"There's only one hard and fast rule in running: sometimes you have to run one hard and fast."

Tuesday, November 15, 2011

Foodie: A Love Story

Yeah, it's one of those posts.

I was still a teenager; Stacy was a little older and a thousand times as worldly. She invited me to a party being held at a restaurant. When I arrived, I debated going in, because I could see through the windows that the guys there were all wearing suits that cost more than my car. I did go in, found Stacy talking with a group she tried to introduce to me and with whom she left me, while she went looking for some drinks; the conversation revolved around artists I'd never heard of and vacation spots I'd never see. I hate small talk. I hate mingling.

Eventually she returned with a tray (no drinks) and told me I had to try the stuffed mushrooms. There are some things that are just inedible: Coleslaw. Meatloaf. Stuffed vegetables. I tried to say no, but she convinced me to try one. It was a revelation; grilled creminis stuffed with a salmon mousse, shallots and something sour and green (probably minced cornichons). As a midwestern teenager, the foods I recognized came on top of pizzas; mushrooms were button, salmon was canned, pickles were dill. I had never eaten anything like this and couldn't get enough. In fact, the next day I went back to the restaurant for lunch - and could afford only the appetizer and nothing else - and now the mushrooms were awful. Well, serviceable, maybe, but nothing like the night before. I asked my waiter about it and he said they depended upon who made them; I considered offering money to find out who made them the night before, but I'd emptied my wallet already.

One day, Stacy invited me to her place. When I arrived, she wanted to offer me something to eat, but said there wasn't much in the apartment. Would cheese and crackers do? It wasn't food I came there for, so it didn't matter. She said it'd take her a minute to toast the almonds and she'd be right back. I thought: "doesn't cheese and crackers consist of... cheese and crackers?" She came back with something that looked interesting. "Try it and tell me what you think." I found the still-warm almonds had caused the cheese to soften and almost melt. The cheese was unfamiliar, not cow probably, a little nutty, but perhaps that was the almonds. The cheese was held to the cracker with a green paste I couldn't identify; it was tart, somewhat like a thick applesauce made with green apples, but with a different texture and a unique flavor. "It's manchego and quince paste. It's a classic combination. And the cracker?" It was nothing remarkable. "You're right. The cracker doesn't work. It's just there to give you something to hold."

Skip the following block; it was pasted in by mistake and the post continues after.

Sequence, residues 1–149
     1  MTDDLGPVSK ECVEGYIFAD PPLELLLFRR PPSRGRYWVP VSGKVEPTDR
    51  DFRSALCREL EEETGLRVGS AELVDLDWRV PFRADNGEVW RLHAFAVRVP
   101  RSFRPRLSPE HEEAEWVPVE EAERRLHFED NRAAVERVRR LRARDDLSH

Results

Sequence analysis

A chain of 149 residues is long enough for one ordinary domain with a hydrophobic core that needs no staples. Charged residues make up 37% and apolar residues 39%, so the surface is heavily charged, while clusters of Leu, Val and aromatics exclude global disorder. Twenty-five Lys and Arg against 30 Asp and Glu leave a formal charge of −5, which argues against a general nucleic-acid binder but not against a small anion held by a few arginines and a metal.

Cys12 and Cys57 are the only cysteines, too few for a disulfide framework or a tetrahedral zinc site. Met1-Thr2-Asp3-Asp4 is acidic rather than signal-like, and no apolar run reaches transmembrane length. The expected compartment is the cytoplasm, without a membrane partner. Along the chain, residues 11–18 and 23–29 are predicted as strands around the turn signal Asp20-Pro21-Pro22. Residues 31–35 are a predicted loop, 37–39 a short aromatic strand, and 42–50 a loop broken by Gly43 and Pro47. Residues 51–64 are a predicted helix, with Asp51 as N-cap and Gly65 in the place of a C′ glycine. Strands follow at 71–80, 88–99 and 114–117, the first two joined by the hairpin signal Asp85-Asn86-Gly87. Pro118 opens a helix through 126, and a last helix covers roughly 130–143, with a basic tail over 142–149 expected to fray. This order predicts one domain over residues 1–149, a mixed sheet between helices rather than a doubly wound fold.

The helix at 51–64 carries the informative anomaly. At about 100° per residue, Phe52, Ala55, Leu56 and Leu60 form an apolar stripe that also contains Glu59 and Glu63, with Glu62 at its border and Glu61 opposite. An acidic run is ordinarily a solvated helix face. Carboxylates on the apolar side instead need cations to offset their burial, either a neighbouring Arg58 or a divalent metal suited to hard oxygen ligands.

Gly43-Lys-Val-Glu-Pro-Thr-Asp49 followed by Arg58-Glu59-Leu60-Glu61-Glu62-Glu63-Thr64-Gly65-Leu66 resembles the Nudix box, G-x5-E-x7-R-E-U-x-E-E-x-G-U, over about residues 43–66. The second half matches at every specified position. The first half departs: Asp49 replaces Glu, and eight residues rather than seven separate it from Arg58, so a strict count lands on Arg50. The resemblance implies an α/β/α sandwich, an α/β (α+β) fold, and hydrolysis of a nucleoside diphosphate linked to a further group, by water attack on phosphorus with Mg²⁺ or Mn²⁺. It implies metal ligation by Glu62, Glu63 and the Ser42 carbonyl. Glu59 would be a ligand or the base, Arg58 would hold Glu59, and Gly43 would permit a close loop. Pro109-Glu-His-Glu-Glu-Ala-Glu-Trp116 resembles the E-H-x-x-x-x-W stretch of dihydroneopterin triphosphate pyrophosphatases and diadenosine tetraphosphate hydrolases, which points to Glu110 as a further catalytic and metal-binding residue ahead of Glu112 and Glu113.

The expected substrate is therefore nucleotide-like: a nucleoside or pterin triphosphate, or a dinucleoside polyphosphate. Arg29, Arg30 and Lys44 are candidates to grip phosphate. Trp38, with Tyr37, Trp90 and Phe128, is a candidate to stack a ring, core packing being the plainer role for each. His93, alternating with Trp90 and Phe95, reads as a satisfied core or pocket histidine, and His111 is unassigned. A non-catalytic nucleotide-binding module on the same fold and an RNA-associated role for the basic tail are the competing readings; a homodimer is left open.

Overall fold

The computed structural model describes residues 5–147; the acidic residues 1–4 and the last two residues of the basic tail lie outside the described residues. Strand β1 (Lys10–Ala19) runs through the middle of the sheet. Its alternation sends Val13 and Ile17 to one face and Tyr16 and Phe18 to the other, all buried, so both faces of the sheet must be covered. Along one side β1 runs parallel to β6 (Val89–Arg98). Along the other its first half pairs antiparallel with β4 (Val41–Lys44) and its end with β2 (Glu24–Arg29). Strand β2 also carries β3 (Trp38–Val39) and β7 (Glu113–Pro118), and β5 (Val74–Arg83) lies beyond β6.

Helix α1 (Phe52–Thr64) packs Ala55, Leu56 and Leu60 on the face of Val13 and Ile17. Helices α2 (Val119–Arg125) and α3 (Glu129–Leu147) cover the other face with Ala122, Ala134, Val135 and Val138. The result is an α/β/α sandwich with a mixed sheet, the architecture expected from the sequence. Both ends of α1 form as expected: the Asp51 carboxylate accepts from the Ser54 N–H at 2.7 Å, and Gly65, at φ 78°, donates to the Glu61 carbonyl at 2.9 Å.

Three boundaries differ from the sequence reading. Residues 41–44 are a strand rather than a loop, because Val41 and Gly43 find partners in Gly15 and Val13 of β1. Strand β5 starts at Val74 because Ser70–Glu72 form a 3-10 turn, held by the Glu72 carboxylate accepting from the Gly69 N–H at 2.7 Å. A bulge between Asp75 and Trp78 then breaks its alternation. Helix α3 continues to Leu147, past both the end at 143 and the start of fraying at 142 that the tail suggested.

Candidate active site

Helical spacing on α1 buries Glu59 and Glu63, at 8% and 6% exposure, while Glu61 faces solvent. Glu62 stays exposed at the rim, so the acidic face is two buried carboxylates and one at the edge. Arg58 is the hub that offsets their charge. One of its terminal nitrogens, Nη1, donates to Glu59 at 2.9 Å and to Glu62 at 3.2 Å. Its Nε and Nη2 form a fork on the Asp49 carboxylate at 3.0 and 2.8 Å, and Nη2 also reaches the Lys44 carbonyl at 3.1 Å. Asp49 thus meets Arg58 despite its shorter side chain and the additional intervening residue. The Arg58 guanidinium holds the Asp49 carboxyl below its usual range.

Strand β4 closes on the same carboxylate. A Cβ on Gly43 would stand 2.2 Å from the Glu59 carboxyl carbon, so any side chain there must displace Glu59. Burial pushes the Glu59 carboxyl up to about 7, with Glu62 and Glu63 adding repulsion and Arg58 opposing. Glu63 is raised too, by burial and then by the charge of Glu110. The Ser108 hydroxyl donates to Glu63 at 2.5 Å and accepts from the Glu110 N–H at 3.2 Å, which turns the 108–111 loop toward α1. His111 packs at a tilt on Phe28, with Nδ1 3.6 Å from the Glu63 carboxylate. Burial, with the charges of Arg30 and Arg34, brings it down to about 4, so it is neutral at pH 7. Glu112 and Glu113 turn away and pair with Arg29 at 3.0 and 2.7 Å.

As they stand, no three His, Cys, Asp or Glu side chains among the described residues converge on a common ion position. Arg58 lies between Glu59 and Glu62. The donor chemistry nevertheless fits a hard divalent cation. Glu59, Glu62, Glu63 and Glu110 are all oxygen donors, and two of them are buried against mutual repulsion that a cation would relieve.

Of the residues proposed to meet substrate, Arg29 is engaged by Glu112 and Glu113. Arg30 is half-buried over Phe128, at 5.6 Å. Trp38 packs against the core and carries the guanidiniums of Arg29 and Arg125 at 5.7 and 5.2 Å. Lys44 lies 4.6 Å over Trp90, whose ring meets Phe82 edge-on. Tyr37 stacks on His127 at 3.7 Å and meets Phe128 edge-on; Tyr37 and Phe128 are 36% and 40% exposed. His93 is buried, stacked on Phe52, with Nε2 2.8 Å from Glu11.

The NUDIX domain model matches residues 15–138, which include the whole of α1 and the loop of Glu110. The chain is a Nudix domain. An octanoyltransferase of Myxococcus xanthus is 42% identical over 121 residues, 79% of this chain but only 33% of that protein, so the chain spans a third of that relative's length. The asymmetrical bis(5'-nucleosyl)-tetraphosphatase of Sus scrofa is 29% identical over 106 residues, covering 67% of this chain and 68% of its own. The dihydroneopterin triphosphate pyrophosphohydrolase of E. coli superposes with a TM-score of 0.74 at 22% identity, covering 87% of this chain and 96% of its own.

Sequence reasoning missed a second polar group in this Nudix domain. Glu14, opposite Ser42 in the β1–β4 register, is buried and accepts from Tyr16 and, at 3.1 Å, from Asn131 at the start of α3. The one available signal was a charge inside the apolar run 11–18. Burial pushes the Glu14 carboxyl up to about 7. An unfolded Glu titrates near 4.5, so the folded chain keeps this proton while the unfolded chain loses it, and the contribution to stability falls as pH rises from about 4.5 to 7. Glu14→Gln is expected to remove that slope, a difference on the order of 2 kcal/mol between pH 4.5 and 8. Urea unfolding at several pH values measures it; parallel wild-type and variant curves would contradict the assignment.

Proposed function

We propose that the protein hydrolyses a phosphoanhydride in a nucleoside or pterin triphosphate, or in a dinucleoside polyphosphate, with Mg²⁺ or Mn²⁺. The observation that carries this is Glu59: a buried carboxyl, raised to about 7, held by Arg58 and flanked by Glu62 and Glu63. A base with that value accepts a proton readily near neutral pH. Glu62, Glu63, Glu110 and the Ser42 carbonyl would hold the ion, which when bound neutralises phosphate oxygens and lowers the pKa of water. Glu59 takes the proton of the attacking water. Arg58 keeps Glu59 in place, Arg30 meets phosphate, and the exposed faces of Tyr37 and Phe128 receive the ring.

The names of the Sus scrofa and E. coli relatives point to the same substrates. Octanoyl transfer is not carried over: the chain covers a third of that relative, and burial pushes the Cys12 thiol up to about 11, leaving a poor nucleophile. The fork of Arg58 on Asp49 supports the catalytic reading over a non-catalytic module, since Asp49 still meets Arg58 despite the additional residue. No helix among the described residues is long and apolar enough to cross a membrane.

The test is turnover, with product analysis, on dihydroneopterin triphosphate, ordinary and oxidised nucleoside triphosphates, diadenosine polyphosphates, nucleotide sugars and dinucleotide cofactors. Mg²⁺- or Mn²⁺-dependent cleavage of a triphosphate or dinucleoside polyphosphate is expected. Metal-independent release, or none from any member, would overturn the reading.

It suddenly dawned on me that she had made the stuffed mushrooms herself. I recognized her technique, though I couldn't say what it was.

Another day, she remarked about how I like extremes. Coffee has to be overwhelmingly strong. Chiles have to be blistering. I had told her once about how, when I was groing up, we had rhubarb growing in the yard and we'd eat it raw like celery, dipping the end into sugar; my brothers did it just to eat sugar, but I abandoned the sugar and just ate the rhubarb; I liked the unadulterated sourness.

She told me I needed to learn how to meld the extremes into a balance. She brought some things out of her kitchen: rhubarb (out of season), stilton cheese and a ruby port. "I have to see you eat raw rhubarb." I had a bite of rhubarb, and then I wanted something else, something to take off the edge, soft, warming, sweet - in other words, the port. The port was a little cloying and astringent at the same time, so now I wanted something sharp in flavor, but smoothe in texture - the cheese. The cheese left an aftertaste that I wanted to remove with something sour - the rhubarb. I don't know how many circuits I made of the cycle of rhubarb, wine and cheese before I realized what she'd done, but I was a little sick to my stomach and a bit tipsy.

She told me, "People are not that different from food. You need to learn the parts, how they go together, how they respond to different treatments. The rest is just technique, and that comes with time. It helps if you have someone to teach you." Then she led me into her bedroom.

They say you never forget your first time.


Deb said...

Daaamn. You ate Stacy's stuffed mushrooms, and then she returned the favor, huh? That's hawt.

Glaven Q. Heisenberg said...

You just passed a Turing test, of sorts.

Anonymous said...

Steve, wasn't that the crazy one who never ate? That doesn't sound like her. -Jenny.

SteveQ said...

Oh crap. Jenny, don't read any of my other blog posts until I do some deleting. Really.

joyRuN said...

Um, wow.

Glad I went back for this - what an enjoyable story. Now I feel all romantic & hungry.

Diana said...

That story cannot be true. It sounds like a scene from a Lifetime movie. If it is true, well, I guess good for you. Not sure I'd feel like doing much if I had a belly full of Stilton and port.

SteveQ said...

Diana, there's not much that stops a teenage guy - today I'd probably ask for a raincheck. I've never seen a Lifetime movie... I thought they all involved women getting beaten and then starting over.

Jean said...

Great story!

And those stuffed mushrooms sound absolutely awesome. Yum!